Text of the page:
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Tuesday, February 25, 2020
Connecting Our Communities

Wellesley looking for public input as it ponders controls on food truck

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Wellesley residents can show their disapproval or support for allowing food truck vendors in the township at an upcoming public meeting on June 7.

“Under our current regulations we haven’t found anything that can stop a food truck. You would be able to operate until the bylaw is created,” said township chief administrative officer Rik Louwagie.

A food truck sitting at the gas station in Wellesley village has sparked conversation in the township, says Mayor Joe Nowak. The owner of said food truck intends to open as soon as he gets servicing in. He’s had discussions with township staff and he meets the property standards, so nothing’s standing in his way.

He also points out that many other communities are dealing with the same issue of how to best regulate them.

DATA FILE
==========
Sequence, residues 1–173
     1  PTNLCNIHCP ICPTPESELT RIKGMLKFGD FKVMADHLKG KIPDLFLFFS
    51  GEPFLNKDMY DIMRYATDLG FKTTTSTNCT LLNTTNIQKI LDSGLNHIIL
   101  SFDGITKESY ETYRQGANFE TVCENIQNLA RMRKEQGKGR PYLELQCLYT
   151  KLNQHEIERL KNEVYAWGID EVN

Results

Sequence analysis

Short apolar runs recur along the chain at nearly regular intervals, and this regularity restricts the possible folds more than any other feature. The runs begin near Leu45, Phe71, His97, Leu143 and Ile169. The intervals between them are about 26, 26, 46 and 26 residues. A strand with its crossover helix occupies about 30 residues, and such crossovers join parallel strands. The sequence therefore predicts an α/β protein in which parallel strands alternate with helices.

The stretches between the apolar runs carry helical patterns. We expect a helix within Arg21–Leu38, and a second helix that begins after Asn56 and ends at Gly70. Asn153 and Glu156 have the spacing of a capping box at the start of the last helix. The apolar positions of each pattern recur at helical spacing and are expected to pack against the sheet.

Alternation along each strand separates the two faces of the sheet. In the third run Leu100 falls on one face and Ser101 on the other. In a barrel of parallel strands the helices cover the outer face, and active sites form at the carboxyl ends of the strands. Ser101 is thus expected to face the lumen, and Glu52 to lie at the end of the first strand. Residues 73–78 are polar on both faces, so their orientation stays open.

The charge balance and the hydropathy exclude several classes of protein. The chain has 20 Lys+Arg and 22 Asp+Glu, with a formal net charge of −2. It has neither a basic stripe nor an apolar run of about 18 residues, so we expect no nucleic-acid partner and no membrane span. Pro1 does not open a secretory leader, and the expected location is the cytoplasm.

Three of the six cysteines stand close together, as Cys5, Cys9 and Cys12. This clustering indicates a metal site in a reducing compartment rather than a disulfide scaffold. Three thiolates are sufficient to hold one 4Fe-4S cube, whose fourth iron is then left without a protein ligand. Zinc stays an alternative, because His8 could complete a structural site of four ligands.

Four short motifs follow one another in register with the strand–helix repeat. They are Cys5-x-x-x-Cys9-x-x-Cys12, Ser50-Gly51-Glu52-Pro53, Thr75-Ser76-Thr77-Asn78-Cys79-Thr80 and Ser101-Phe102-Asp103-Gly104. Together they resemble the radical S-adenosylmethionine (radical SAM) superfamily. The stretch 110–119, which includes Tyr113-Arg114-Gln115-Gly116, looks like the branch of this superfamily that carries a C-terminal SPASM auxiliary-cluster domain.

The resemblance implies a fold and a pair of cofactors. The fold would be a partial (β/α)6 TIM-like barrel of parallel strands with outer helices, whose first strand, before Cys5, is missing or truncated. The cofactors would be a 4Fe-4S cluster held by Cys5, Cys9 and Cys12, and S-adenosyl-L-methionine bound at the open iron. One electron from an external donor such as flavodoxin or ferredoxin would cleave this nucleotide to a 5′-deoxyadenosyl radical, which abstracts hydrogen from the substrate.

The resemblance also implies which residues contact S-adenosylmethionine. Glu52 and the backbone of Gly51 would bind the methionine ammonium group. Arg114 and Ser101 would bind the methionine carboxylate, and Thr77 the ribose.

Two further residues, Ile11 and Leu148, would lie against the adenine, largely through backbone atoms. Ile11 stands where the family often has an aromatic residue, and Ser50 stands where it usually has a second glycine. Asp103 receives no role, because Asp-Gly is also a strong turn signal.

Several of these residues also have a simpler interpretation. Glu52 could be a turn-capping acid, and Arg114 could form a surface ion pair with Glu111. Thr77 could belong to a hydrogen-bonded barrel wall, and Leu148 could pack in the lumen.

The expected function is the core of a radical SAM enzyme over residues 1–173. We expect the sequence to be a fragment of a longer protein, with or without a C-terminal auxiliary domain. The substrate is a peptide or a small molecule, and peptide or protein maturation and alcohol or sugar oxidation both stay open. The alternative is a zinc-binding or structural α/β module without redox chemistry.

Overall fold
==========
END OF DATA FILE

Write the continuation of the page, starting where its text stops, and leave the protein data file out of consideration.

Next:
“The food truck that’s in Wellesley right now is not the reason why we’re bringing this bylaw forward,” Louwagie adds. “It’s actually been coming to the forefront for the last two or three years already. Staff has been starting to prepare a little bit for this. I think this maybe gave it an extra little nudge, but it’s not the reason for this.”

Nowak says it’s become a divisive topic in the community and the public process should be interesting, with good discussion from both sides.

“Those opposed are a wide range. It’s not just other businesses. And those who support, there’s also a wide range. I think a lot of the other communities are dealing with a similar issue. Some of the rural municipalities don’t allow them at all. Waterloo is struggling with it right now. That’s why I think it’s a good idea to do this and the sooner the better,” Nowak said.

Once you have a business like this there are a lot of issues that can develop from it, he said. The township needs to think about how many they want to allow, if any, how close they could be to neighbouring businesses, and what hours they could operate, for starters.

“I think that we have to regulate this one way or another,” Nowak said.

Louwagie also had a word of advice for the councillors.

“It seems to be a fairly hot topic over the last few weeks, so if people are coming to you as councillors wanting to have a discussion about this I would urge you to have them come to this open public meeting so that all councillors can hear what they have to say.”

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